Final Fantasy VII Remake Hands-On Preview: Breaking Limits All Over Again

We went hands-on with the Final Fantasy VII Remake at E3 2019 and can confirm that not only is it real, but it was a ton of fun.

My very first E3 was all the way back in 2015. At that event, Sony's press conference had a new trailer for The Last Guardian, announced Shenmue 3, and finally confirmed the existent of the Final Fantasy VII Remake. Now, four years later at my fifth E3, I actually got to play it.

And despite all that, I'm still not 100% sure I believe it's real.

Long Time Coming

Final Fantasy VII is often regarded as the best Final Fantasy game and even the best RPG of all-time. I'd take Final Fantasy IV over VII any day, but I know I'm in the minority with that opinion.

That being said, I can understand the excitement. It's rare that a game with such a storied history and massive following gets the chance at a revival. If you go back and play most PlayStation 1 games, such as Final Fantasy VII, they just don't hold up well at all. This remake is a chance for Square Enix to make it look like we remember it looking with our rose colored nostalgia glasses.

My demo for Final Fantasy VII was split into two parts inside the massive Square Enix booth in the South Hall at E3 2019. The first half took place in a waiting room, a bit like the kind you find for rides at Disneyland. We all gathered on benches and watched a video of Jessie explaining our mission and the game's controls. It's got a very different flow from the original's turn-based combat.

Gameplay in Final Fantasy VII Remake has a lot more in common with Kingdom Hearts than it does the first 10 mainline, turn-based Final Fantasy games. You freely move around the environment and can clearly see enemies in the world outside of combat. When combat starts, it seamlessly shifts to display prompts on-screen as your characters automatically face enemies. You're also free to move around the battle wherever you want.

Pressing "square" uses normal attacks, which build up the ATB gauge, and you can press "X"to enter a slow-motion mode where you can select either an Ability, Spell, or Item to use that will spend some of your built up ATB gauges. Cloud was all about up-close melee with his massive buster sword, obviously, while Barret could do sustained ranged damage with his gun arm. Switching between characters and issuing commands to keep their gauges full was a crucial part of every battle.

The Flow Of Combat

The E3 2019 demo was heavily focused on combat. It featured an early section of the game in which Cloud and Barret are dispatched to place a bomb inside a Shinra facility. I ran around on some metal platforms, opened up treasure chests by hitting "triangle" just like Sora would, and made my way down into the heart of the facility.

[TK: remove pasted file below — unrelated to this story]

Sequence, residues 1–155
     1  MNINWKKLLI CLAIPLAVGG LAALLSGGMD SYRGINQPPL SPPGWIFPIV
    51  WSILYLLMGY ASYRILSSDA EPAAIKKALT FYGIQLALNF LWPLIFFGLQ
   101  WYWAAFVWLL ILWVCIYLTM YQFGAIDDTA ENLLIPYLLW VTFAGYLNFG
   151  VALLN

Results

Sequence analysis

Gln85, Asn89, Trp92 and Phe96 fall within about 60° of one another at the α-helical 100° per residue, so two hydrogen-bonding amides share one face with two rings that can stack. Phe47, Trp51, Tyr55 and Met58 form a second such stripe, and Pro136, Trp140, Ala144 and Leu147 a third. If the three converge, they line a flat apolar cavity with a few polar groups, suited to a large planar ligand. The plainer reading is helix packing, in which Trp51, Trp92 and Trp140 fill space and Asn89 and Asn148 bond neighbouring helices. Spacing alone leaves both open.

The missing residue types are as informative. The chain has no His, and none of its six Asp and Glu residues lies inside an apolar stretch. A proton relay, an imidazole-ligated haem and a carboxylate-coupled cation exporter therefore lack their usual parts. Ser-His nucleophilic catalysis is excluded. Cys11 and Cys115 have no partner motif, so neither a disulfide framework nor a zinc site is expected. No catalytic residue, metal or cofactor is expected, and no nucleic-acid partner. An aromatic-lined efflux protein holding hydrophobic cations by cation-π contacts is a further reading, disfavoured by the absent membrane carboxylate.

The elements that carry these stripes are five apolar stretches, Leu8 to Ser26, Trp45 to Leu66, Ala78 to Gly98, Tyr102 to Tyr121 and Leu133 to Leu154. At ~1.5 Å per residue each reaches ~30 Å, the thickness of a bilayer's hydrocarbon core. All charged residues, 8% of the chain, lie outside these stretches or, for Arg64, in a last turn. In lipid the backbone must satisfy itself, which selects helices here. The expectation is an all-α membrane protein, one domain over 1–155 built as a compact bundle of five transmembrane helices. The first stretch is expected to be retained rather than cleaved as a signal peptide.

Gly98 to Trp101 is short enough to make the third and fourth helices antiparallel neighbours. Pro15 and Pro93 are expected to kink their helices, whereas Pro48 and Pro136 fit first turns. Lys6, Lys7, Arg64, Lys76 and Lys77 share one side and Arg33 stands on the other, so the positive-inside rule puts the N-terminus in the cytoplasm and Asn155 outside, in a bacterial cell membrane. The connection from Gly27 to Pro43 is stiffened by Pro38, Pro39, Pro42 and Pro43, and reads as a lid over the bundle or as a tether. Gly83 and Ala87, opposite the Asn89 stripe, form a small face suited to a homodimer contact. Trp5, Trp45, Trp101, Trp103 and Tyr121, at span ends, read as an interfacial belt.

Since you need to pause the action to issue any command other than dodge rolling or doing a normal attack, the fluidity of combat is interrupted a lot. It's a bit jarring since you're encouraged to use abilities often those ATB gauges don't carry over between battles. It would be nice if there was a way to map a go-to ability for quick access or something like that instead of needing to pause battles every single time. 

I also found it a bit annoying that the camera didn't automatically lock onto enemies, unless I was missing a control option. I found that Cloud and Barret would target enemies with attacks no problem, but the camera didn't always face enemies and there was no option to automatically re-center it other than just using the right stick. Trying to move with the left stick, attack and dodge with the face buttons, and move the camera all at the same time was a bit cumbersome. 

Scorpion Boss Fight

This brief Final Fantasy VII Remake demo ended with the iconic Shinra scorpion boss right. I (thankfully) didn't have much trouble here, but the battle took much longer than any of the non-boss encounters from before. Not only did I need to ensure I kept dealing damage to build up my ATB gauges, but I also needed to build up the boss' stagger meter as well, similar to in Final Fantasy XIII.

Switching between characters was quick and easy, just tapping up or down on the d-pad. The boss was a straightforward fight consisting of just brute force until it raised a shield, then targeting the shield, and dodging its big attacks. Nothing too complicated, but certainly some extra layers as compared to the original turn-based version of the game.

It should be interesting to see how different more advanced enemies, such as Sephiroth, will be on the battlefield when they're not forced to take turns while attacking.

Once I staggered a boss I could do even more damage, which was always a great time to use powerful abilities. And as you take damage in combat you'll build up your Limit meter, which lets you use an extremely powerful Limit Break attack once full. Finishing off the boss with a massive blast from Barret's arm canon was the highlight of the demo for me.

 

Final Fantasy VII Remake

I had a blast playing Final Fantasy VII Remake at E3 2019. Visually, it's a staggering technical achievement and despite my initial concerns, the gameplay translates to a more action-focused format extremely well.

During its E3 2019 press conference, Square Enix announced that the Final Fantasy VII Remake will hit PlayStation 4 on March 3, 2020. This release is expected to only contain the first part of the Remake since it will be an episodic series this time.

For more E3 coverage, check the links below: 

Contributor

David is the Games Editor at UploadVR, author of The Ultimate Roblox Book, and freelance writer with bylines at IGN, Forbes, PCGamer, Gamecrate, VICE, and many other places. It’s dangerous to go alone, so follow him on Twitter: @David_Jagneaux.

Published Jun. 14th 2019

New Cache - article_comments_article_63141
Related
More Final Fantasy VII Remake Content